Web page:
RAND Report Recommends Strategies For The Federal Government To Accelerate Innovation In Housing Industry
February 25, 2003
The U.S. economy would benefit from higher levels of innovation in the housing industry. Housing innovations help reduce home energy consumption, cut costs of materials, and reduce barriers to home ownership, among other benefits, according to a RAND report issued today.
The report analyzes the unique structure of the housing industry that can make innovation difficult. To better leverage its existing programs, the report suggests, the federal government could advance innovation with a new set of strategies, including but not limited to greater support for research and product development; a strengthened knowledge base; and improved market linkages.
Building Better Homes: Government Strategies for Promoting Innovation in Housing was prepared in response to a request from the U.S. Department of Housing and Urban Development (HUD) Office of Policy Development and Research, and the Partnership for Advancing Technology in Housing (PATH). In development since late 2001, the report will serve as a basis for broad thinking in PATH, HUD, and other federal, state, and local agencies, as well as the homebuilding industry at large, on the future of residential construction.
“This report answers many questions for PATH,” said David Engel, Director of Affordable Housing Research and Technology in HUD, “but, more importantly, it also provides insight and guidance for all groups that are committed to advancing housing technology.”
Relying on previous literature from academia, government, and industry, as well as meetings with representatives from the housing industry, this report describes the importance of innovation in the U.S. housing industry and discusses challenges to the advancement of housing technology in historical and contemporary contexts. In examining past government efforts to promote innovation in housing, the report explores the specific industrial, institutional, financial, and cultural barriers that can impede the advancement of housing technology. It explores opportunities to overcome challenges within these contexts and recommends new directions for technology development policy that the federal government should consider to increase the rate of innovation in housing. Perhaps most notable among these is greater attention to the effect of market forces on innovation.
PATH began as a technology barriers analysis project, and it has an ongoing interest in reviewing barrier-related issues. PATH also works to develop potential alternatives or improvements in coordination with existing industrial and governmental frameworks.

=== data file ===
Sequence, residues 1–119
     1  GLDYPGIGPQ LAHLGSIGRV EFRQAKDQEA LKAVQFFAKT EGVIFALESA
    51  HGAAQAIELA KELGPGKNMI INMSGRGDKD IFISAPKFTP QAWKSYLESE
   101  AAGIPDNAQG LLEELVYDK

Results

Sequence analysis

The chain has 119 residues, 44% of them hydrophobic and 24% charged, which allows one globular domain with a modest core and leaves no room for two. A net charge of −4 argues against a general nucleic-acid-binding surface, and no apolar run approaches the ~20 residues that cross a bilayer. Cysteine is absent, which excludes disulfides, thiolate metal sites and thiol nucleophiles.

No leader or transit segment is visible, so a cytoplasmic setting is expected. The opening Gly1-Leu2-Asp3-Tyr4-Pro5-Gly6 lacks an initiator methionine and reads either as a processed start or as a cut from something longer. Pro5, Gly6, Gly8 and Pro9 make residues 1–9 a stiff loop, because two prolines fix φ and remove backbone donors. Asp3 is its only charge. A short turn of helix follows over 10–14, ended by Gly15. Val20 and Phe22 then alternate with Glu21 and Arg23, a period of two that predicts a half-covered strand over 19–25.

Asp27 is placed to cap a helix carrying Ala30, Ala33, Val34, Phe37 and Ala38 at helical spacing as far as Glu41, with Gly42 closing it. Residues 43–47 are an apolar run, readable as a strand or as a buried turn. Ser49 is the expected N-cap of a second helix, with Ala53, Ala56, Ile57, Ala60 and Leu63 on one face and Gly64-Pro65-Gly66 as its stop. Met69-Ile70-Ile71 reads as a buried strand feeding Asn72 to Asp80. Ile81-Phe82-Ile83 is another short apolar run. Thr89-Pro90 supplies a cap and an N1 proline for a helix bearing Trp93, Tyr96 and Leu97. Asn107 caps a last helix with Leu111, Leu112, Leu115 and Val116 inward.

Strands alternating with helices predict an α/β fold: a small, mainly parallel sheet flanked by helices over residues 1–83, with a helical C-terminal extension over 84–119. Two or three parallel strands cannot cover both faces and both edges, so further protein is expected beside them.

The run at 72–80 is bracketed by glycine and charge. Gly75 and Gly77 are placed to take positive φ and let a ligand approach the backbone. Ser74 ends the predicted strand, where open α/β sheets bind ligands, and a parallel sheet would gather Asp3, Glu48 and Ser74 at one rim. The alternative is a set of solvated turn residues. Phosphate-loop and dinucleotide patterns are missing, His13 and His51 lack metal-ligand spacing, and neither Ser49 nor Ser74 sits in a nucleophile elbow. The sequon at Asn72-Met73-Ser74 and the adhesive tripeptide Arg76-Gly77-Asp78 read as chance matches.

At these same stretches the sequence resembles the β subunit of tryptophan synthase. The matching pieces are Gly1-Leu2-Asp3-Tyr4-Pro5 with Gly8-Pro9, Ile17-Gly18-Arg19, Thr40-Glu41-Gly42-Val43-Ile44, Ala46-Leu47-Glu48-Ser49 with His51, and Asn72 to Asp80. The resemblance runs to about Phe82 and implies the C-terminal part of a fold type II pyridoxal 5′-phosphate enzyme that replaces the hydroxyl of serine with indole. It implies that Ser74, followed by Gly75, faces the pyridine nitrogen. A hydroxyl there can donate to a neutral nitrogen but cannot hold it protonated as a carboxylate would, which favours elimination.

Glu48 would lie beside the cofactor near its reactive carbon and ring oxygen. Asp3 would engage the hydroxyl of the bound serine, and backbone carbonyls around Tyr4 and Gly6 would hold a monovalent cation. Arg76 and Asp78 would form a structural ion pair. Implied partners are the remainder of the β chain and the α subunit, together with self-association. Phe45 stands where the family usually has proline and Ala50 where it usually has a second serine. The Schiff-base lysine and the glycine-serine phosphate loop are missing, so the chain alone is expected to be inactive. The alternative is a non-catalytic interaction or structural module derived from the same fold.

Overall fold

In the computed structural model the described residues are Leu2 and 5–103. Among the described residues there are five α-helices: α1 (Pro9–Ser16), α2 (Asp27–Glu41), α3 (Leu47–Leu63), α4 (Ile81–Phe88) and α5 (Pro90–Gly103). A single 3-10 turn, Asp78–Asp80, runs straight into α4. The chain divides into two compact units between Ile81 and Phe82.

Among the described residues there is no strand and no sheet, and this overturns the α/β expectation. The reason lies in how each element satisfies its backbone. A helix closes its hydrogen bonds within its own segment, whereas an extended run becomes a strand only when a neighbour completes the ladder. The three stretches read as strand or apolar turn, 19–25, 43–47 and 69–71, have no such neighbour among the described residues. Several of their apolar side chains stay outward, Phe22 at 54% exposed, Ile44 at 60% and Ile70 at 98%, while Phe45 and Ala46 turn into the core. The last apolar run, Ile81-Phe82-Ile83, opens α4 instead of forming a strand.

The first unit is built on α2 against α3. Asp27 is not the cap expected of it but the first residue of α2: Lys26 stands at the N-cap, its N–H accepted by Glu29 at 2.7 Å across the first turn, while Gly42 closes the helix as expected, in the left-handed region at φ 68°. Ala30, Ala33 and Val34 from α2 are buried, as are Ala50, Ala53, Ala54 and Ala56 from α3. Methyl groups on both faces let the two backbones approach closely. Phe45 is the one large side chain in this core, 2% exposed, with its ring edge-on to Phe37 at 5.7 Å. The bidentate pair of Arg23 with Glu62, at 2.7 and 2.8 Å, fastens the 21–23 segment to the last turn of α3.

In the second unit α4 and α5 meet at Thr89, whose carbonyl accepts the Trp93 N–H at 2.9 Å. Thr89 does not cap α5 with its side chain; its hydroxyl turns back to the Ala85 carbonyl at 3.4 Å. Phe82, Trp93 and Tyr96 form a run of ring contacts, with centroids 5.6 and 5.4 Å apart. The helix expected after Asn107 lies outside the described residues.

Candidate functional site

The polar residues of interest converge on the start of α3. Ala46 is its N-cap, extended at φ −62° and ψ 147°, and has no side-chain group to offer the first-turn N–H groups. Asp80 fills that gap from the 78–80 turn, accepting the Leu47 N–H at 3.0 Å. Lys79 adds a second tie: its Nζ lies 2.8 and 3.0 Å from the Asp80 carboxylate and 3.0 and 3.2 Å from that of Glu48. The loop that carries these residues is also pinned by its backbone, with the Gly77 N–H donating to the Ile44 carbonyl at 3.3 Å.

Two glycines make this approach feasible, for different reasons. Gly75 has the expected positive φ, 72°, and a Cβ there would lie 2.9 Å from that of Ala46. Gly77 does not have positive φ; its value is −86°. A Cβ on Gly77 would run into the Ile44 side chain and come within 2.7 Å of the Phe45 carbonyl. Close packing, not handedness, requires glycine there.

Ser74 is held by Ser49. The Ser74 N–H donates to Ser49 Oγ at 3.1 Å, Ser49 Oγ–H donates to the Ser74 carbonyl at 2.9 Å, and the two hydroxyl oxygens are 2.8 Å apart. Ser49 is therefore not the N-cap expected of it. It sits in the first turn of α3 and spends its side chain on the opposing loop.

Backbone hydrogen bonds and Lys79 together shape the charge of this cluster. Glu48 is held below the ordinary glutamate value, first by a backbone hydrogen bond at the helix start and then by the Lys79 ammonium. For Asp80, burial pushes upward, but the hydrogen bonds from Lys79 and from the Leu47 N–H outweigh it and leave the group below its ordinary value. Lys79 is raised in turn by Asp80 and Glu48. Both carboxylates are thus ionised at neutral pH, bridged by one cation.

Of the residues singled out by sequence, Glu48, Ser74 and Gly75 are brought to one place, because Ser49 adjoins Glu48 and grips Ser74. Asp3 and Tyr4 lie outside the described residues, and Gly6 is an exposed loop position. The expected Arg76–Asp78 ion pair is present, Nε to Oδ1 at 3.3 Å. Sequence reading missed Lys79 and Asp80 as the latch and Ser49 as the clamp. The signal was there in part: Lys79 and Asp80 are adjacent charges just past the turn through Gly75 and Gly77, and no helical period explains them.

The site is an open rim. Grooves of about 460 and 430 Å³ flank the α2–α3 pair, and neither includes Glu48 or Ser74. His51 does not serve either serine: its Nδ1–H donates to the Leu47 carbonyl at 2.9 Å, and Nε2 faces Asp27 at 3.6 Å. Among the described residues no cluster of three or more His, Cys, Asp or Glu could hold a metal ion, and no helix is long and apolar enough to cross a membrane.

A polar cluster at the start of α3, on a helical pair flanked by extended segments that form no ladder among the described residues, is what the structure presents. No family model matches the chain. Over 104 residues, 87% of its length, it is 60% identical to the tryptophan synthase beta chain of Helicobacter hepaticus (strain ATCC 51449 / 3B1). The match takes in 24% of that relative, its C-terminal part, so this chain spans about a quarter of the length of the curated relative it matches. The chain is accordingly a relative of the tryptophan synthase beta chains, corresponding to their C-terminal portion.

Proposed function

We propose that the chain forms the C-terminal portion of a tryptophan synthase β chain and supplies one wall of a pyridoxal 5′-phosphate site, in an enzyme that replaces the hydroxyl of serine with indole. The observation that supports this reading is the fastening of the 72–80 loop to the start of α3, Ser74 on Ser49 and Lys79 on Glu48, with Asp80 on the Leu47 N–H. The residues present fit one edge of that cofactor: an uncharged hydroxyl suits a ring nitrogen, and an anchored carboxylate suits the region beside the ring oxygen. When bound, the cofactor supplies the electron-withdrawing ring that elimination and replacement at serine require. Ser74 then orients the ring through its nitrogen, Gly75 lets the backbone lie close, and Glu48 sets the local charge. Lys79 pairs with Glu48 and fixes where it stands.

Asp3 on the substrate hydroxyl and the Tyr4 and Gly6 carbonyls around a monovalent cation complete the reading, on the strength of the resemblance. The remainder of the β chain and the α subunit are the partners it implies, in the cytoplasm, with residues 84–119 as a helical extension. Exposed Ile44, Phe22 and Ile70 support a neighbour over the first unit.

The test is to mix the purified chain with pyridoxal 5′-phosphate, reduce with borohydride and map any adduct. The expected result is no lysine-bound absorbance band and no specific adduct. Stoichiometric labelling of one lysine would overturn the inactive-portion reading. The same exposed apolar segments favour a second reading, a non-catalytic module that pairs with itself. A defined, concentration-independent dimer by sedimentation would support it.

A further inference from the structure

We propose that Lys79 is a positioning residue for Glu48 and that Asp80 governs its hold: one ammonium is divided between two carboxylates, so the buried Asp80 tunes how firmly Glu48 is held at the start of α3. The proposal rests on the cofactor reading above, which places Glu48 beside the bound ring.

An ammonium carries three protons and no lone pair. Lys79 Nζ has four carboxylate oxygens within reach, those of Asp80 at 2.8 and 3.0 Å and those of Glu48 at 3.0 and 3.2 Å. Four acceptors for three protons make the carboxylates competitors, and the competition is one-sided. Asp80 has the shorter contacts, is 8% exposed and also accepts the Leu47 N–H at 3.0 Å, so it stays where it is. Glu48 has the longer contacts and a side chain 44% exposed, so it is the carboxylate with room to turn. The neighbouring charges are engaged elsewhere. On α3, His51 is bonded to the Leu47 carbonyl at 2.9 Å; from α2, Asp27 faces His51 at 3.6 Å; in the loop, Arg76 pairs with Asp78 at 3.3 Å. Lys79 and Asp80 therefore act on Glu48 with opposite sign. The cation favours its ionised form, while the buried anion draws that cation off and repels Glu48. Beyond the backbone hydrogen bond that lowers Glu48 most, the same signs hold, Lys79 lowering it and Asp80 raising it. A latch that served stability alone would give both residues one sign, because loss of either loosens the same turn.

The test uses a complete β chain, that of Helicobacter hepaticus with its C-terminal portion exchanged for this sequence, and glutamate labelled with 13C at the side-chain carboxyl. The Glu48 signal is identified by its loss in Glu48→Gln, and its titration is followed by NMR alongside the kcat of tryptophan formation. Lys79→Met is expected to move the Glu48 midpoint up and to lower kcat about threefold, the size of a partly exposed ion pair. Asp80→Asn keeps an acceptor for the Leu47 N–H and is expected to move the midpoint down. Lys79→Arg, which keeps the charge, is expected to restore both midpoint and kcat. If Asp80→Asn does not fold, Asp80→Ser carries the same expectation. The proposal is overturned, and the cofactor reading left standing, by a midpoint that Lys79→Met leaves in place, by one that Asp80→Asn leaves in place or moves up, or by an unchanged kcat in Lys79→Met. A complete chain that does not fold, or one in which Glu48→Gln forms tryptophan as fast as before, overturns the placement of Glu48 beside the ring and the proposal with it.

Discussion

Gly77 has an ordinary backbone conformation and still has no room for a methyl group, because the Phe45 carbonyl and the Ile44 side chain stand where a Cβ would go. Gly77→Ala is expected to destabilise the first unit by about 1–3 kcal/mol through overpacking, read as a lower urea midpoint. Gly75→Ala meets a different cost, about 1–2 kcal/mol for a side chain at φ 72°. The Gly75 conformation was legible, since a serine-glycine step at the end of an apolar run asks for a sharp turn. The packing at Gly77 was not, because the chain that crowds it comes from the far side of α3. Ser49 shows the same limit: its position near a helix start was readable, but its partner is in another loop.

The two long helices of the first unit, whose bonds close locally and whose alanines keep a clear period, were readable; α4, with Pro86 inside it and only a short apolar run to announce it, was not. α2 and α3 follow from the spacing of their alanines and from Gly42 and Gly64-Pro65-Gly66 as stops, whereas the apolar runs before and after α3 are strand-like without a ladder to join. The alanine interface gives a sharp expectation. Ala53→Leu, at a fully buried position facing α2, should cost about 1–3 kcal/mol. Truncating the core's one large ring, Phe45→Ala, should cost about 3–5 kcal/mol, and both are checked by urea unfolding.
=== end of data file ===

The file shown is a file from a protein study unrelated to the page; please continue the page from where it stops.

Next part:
“Promoting innovation is one of the government's most effective strategies for boosting economic growth,” said Scott Hassell, lead author of the report. “In an industry that represents nearly 20 percent of the gross domestic product, innovation can result in significant benefits for the environment, worker safety, and American homeowners.”
The Science and Technology Policy Institute, a federally funded research and development center sponsored by the National Science Foundation, prepared the report. The Institute is managed by RAND, a nonprofit institution that helps improve policy and decisionmaking through research and analysis. Originally created by Congress in 1991 as the Critical Technologies Institute, the institute works to help improve public policy by conducting objective, independent research and analysis on policy issues that involve science and technology.
Building Better Homes was authored by Scott Hassell, Anny Wong, Ari Houser, Debra Knopman and Mark Bernstein. The report can be ordered from PATH by calling (800) 245-2691, or from RAND at www.rand.org.
PATH (www.pathnet.org) is a public-private partnership of leading-edge homebuilders, manufacturers, researchers, professional groups, and Federal agencies concerned with housing. By working together, PATH partners improve the quality and affordability of today's new and existing homes, strengthen the technology infrastructure of the United States, and help create the next generation of American housing.